Defiance and Female Relationships in Morris’ Debut Collection, ‘Lost Girls’

The female characters in Lost Girls both startle and uplift us, but most importantly they demand to be seen. Set in and around the fictional southern mining town of Slocum, each of the seventeen stories in this collection features complex women and girls in pivotal moments of loss, self-discovery, and rebellion. With the same ease found in her Bevel Summers Award-winning short story, “May Apples,” Morris weaves in difficult topics effortlessly. In this collection, she does the important work of showing women as complicated, resourceful, erotic, unlikable, and bold in the face of societal pressures and outright violence against them.

As Morris told the Southern Review of Books in July, these stories were initially intended for a collection built around a male photographer traveling around the South for the bicentennial. “Then the Me Too movement happened,” Morris says, “Women were bravely telling stories and getting taken seriously. I realized my fiction reflected the rape, sexism, ageism, and pressure to conform that was being discussed in the larger culture. I wanted these fictional voices heard.”

While these stories do feature experiences of repression and loss, they do not focus so much on the traumas as the resilience of the women surviving them. A quiet defiance pulses throughout the work. Whether it’s a girl embracing her tummy sticking out, a married woman discovering her queerness, or a young woman taking charge of her life by ending it, these are women who refuse to conform to the expectations placed on them by regional values, institutions, and even themselves.

The book opens with the title story, “Lost Girls,” which despite being one of the shortest, establishes the main themes right off the bat. Based on the author’s personal experience, “Lost Girls” is narrated by a young woman grappling with the abduction of a girl in her community and the connection she feels to the experience even though she never knew the girl personally. As years pass and she reflects on her own fear of disappearing — both literally and figuratively — she develops an annual tradition to privately honor the girl’s memory, speculating all the while, “How does somebody just vanish?” 

Female erasure crops up in gradually nuanced forms as Morris explores the different ways women become invisible, whether through kidnapping, violence, or the subtle ways society disregards the female experience. The elderly Abby Linder mourns her youth in “Harvest,” as she reflects on opportunities she missed because she “never planned to be obsolete.” After being knocked down by a teenager on a bike, she seeks solace with her friends. “…[The] ladies cooed over her wounds. Sandy spread salve over her palms. ‘When you get old, it’s like you’re invisible.’”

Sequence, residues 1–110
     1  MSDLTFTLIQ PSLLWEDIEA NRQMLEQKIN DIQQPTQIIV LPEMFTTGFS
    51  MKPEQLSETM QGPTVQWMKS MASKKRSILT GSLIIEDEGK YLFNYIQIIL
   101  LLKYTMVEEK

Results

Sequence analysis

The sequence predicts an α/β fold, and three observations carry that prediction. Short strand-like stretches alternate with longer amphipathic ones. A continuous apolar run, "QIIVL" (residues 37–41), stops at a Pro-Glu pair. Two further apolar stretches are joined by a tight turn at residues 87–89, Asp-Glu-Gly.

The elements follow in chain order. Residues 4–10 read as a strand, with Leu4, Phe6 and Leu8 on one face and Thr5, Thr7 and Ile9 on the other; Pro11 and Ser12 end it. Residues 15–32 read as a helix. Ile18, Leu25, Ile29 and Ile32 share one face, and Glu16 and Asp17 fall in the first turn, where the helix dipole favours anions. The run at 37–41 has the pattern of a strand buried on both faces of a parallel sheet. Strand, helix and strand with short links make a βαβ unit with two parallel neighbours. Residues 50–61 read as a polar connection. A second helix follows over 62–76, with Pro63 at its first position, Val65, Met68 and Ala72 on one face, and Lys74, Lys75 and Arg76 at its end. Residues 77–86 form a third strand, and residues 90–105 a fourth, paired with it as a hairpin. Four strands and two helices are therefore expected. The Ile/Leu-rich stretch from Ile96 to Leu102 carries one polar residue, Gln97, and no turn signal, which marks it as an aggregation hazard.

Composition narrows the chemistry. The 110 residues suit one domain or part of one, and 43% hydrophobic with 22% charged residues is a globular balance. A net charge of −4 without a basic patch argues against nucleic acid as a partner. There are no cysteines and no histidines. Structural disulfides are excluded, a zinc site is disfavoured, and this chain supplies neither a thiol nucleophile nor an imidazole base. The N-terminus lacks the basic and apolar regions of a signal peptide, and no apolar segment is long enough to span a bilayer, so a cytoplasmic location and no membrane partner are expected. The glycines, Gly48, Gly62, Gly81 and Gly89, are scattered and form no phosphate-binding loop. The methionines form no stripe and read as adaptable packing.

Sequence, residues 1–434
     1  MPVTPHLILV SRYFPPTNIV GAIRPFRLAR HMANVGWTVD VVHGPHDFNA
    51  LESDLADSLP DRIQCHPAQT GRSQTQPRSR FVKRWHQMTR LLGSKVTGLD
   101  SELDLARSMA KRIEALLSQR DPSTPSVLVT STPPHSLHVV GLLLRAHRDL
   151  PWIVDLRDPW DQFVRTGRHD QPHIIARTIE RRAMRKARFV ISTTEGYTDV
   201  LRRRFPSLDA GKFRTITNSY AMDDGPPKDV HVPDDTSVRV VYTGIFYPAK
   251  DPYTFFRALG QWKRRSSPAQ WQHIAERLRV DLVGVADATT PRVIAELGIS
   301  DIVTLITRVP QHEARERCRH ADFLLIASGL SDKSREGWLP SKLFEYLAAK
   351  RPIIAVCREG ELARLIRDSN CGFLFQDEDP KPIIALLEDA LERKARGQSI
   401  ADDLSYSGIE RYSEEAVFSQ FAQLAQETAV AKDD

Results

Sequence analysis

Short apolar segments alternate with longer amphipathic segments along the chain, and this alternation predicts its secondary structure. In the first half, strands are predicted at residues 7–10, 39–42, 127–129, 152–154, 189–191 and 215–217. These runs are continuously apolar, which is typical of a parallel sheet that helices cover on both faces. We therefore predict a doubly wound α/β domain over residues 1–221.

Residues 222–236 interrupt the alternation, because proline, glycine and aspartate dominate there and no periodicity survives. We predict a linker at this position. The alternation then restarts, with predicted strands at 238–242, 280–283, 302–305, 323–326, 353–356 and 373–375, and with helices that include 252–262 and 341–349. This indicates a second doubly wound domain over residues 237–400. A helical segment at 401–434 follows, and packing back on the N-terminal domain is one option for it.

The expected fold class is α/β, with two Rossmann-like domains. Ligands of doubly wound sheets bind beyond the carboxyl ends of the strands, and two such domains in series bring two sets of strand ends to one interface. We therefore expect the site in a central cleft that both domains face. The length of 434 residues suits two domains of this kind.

In one of the most hauntingly realistic stories, “Neverland,” childhood friends Angie and Eileen reconnect after years of losing touch. While looking at an old photograph, Angie recalls the signs of abuse she had witnessed in Eileen’s childhood and her own inaction:

“I mourned the girl in the picture who took the blows and went on acting as if everything was normal. I mourned for myself, for my confusion and complicity, for the way I clung to innocence in the face of the hard reality…”.

Though they never discuss the abuse, an acknowledgement exists between them. Over drinks, Angie reflects on their childhood, “It would stay a Neverland, equal parts innocence and menace, which we survived only to find each other on the other side.”

Female relationships shine throughout this book. In many of the stories, the characters repeatedly find solace in their female relationships. In “A Rumor of Fire,” a young girl flees into the woods after discovering that her father is having an affair. Her best friend, Charmaine, runs closely behind her and helps her set fire to the woman’s clothes. In an elusive ending, Morris captures the camaraderie between the two girls beautifully: “I ran through the woods as fast as I could, hearing the comforting sound of her breath as she ran behind me.”

In “Fear of Heights,” Allison is married to a man when she meets Lydia and falls in love. She leaves her husband to be with Lydia, and her husband condemns her for her lifestyle. Years later, at his funeral, Allison receives a hand-carved rose he left to her. On the way home, “Allison put her hand in her pocket and felt the thorn sharp against her finger. She drew her hand away and placed it on her lap. She was staring out the window when she felt Lydia’s hand find her own.”

Through vivid snapshots of female struggle, Morris demonstrates the power of women acknowledging one another — and themselves — in a world where they are continually diminished. The women and girls in these stories hold the antidote to their own erasure, and in turn give it to us: Only we can prevent each other from becoming lost girls.

FICTION
Lost Girls: Short Stories
By Ellen Birkett Morris
Touchpoint Press
Published June 24, 2020